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Councillors on North Dorset District Council have voted unanimously to designate a part of Gillingham made famous by Constable as an an official conservation area.

Colesbrook’s Parham’s Mill, now usually known as Purns Mill, was painted by John Constable in the 1820s.

Earlier this year Gillingham Town Council’s Conservation Area Working Party produced a report on the area with a view to making it a conservation area and held a public consultation.

The report said: ‘Colesbrook is a rural hamlet within a sweep of countryside and to remain as a separate and distinct hamlet will conserve its tranquil rural character, especially that of Colesbrook Lane and the ancient ford.

‘It is clearly apparent that this fragile environment of real quality would significantly benefit from being further protected by Conservation Area status.’

Now councillors in North Dorset have voted for the area to be given that status ‘to preserve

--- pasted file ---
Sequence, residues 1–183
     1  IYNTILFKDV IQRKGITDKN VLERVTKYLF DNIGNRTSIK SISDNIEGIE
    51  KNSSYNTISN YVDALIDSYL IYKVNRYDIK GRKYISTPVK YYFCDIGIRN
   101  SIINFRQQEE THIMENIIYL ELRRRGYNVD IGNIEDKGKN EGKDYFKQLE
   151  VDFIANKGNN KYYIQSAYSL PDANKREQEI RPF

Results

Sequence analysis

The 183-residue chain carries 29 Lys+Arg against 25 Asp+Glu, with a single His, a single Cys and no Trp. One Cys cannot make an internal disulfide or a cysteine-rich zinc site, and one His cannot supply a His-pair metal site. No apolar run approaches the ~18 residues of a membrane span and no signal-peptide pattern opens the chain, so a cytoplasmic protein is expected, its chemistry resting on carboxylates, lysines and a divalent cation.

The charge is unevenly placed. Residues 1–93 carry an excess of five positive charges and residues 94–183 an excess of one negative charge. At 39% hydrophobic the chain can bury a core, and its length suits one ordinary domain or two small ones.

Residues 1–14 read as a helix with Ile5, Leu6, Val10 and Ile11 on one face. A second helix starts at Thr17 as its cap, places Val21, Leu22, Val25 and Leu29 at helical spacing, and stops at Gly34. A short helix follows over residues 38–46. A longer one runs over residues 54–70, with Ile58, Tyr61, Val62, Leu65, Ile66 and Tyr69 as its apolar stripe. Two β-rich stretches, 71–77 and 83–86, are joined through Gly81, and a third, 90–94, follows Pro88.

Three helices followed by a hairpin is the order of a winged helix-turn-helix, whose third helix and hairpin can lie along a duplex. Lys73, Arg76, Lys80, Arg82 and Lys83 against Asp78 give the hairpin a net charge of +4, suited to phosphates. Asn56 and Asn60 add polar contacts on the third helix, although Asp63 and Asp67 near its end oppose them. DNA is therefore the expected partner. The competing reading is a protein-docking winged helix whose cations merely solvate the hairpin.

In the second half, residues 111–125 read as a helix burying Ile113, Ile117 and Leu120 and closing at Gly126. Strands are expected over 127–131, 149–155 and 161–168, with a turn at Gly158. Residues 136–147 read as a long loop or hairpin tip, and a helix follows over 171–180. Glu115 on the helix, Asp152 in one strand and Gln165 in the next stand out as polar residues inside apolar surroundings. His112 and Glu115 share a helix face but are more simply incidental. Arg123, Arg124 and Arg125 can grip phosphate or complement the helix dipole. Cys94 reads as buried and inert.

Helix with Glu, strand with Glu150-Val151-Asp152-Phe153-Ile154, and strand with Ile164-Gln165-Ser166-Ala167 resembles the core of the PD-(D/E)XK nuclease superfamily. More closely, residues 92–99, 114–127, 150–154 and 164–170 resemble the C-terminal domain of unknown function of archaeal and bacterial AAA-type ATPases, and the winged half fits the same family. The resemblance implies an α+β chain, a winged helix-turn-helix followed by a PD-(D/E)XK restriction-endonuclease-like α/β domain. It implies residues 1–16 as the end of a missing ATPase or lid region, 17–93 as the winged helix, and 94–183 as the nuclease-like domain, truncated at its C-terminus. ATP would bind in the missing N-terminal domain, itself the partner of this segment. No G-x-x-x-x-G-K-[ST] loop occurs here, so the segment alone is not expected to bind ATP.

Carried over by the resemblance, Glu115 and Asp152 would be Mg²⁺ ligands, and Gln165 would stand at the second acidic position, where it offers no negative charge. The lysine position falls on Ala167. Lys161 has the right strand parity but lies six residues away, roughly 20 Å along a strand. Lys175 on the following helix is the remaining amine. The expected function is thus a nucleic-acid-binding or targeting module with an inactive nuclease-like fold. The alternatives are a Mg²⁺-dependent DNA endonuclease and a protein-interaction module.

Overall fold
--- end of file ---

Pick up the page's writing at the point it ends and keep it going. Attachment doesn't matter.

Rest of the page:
or enhance’ its ‘special architectural and historic interest’.

In a report, NDDC councillors heard the move was backed by conservation body Historic England.

But it had been opposed by the current owners of Purns Mill as it was ‘considered a ‘hindrance to much needed regeneration following on from the mill becoming the centre of the village once again in the form of residential or commercial development,’ councillors heard.

North Dorset currently has 47 conservation areas. They are defined as ‘an area of special architectural or historic interest, the character and appearance of which it is desirable to preserve or enhance’ and restrict rather than prevent development.

Typically homes in conservation areas appreciate more in value than other areas.

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